In theory, you don’t need to do anything to copyright your book - it’s automatically protected by UK copyright law. This means you can send your book out to editors, agents and illustrators without fear of your work being plagiarised. If your work is unceremoniously pilfered, you can claim for copyright infringement through the courts.
However, it’s worth noting that there are very few cases where anyone in the literary industry would consider stealing your work - they’re much more likely to make money by legitimately working with you on your book.
If you want to prove your authorship beyond a doubt, you can use the © symbol on your manuscript and your published book to demonstrate this. Using this symbol doesn’t add any legal clout to your claim to copyright, but it can be helpful in showing your intent to claim copyright protection (and ward off any potential infringement).
Although there are some services that will allow you to pay to register your book for copyright, these aren’t government-mandated, and you don’t have to sign up with them to claim copyright infringement. They may help if an infringement claim crops up - for example, they can provide evidence of your copyright claim to a certain piece of work on a certain date. But if someone else disputes your claim, it’s down to the courts to decide who the work belongs to.
No - your work is automatically protected by copyright from the first draft to the finished book. This doesn’t change when you publish it.
Many self-published authors publish their work through Amazon’s Kindle Direct Publishing site. In some instances - usually if a book has been published either in part or in its entirety elsewhere - KDP will ask for proof that you have publishing rights for your work. If you’ve worked with another publisher previously, you should have a document that states they have non-exclusive publishing rights to your book, or that their publishing rights have expired. If you have a valid, exclusive publishing agreement in place with another publisher, KDP may reject your manuscript. You can find out more about KDP’s copyright guidelines here.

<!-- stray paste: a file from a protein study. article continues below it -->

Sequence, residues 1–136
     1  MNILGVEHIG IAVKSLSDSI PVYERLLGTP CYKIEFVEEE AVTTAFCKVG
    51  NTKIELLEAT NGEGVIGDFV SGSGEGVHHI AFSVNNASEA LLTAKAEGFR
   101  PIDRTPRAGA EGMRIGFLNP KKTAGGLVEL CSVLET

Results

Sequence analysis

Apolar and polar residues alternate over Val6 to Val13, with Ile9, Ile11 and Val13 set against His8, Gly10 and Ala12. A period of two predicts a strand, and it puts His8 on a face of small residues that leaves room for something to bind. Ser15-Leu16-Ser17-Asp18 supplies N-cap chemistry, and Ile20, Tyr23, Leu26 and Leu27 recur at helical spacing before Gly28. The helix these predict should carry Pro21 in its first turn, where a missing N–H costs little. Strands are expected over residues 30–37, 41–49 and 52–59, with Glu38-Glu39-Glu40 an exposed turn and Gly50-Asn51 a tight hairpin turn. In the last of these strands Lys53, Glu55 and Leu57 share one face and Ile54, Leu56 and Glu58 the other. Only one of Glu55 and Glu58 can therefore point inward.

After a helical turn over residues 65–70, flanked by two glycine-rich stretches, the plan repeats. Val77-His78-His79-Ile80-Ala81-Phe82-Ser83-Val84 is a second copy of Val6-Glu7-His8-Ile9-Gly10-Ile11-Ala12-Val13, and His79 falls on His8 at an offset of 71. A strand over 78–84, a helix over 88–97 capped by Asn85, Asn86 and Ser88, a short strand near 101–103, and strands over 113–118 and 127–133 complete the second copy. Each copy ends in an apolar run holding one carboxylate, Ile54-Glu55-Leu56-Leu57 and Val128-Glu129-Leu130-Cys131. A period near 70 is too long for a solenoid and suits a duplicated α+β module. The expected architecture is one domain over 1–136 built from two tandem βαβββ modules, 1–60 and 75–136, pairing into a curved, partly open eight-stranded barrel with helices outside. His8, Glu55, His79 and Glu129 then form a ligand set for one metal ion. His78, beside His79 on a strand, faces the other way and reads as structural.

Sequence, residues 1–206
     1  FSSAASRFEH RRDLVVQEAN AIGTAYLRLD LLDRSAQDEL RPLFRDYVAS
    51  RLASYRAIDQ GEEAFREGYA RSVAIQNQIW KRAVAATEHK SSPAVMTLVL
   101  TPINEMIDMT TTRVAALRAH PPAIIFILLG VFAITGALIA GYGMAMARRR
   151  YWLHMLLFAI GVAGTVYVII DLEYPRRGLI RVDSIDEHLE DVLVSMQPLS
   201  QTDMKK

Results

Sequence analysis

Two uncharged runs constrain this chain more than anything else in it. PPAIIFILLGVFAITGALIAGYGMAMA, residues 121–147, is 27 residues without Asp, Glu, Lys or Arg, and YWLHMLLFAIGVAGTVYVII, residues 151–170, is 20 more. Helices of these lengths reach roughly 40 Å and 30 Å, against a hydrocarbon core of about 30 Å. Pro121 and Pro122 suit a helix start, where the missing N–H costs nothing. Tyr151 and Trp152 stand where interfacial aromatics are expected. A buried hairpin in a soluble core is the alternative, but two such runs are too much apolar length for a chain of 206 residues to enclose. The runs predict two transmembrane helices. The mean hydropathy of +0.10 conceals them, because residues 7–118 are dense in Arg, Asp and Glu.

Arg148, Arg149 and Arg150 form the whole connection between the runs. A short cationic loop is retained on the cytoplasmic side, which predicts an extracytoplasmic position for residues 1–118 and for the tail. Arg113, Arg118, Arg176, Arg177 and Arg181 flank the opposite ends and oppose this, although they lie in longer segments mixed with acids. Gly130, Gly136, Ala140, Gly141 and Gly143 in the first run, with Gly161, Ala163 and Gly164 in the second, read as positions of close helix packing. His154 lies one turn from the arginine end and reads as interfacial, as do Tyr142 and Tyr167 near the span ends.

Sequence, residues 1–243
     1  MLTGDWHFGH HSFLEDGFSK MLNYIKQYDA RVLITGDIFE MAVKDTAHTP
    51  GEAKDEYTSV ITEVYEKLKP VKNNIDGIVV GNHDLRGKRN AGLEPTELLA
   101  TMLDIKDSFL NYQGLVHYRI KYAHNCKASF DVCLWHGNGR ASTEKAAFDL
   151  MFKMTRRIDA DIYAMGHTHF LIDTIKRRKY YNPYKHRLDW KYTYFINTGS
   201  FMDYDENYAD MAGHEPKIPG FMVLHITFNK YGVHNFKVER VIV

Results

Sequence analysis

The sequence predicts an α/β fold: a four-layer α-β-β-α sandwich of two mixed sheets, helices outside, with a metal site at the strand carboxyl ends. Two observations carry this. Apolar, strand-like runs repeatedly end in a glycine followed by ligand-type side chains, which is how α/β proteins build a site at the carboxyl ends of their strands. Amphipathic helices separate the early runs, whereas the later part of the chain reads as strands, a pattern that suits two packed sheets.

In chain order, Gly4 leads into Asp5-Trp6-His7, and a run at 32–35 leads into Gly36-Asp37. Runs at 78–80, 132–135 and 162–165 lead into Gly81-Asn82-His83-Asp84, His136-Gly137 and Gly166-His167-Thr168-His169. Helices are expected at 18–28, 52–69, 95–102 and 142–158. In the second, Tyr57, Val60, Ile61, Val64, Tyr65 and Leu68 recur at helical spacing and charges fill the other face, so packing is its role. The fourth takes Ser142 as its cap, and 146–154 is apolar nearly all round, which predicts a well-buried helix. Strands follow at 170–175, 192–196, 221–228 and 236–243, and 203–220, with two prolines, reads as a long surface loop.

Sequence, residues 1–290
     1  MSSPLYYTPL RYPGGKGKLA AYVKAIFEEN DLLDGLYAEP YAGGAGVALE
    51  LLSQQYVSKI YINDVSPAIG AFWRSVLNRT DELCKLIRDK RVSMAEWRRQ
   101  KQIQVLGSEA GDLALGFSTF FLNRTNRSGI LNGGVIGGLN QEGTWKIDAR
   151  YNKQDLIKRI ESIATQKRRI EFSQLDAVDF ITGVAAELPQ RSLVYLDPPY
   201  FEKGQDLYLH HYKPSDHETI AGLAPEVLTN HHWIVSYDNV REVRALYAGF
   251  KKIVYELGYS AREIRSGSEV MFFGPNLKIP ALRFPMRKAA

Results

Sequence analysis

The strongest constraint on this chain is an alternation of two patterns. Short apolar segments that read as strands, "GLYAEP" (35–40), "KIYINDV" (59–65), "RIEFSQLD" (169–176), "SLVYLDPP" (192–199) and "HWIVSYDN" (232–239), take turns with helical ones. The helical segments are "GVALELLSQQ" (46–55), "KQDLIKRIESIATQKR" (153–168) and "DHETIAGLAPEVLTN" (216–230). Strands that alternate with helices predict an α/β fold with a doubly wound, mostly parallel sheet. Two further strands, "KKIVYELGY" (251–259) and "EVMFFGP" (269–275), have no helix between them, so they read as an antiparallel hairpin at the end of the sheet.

It’s important to note that when you publish a book through KDP - or any ebook platform - you’re not relinquishing your copyright claim. You’re effectively licensing them to publish and issue your work. In return, they take a percentage of the money you earn from your book through their platform. You can unpublish your book at any time, which removes KDP’s right to issue your work.
The UK belongs to a variety of treaties which are designed to preserve your copyright protection across the world. The Berne Convention is the most comprehensive of these. It offers similar copyright protection to that which already exists in UK copyright law. There are only a handful of countries that aren’t signed up to at least one of these treaties, including Iran, Iraq, and Eritrea.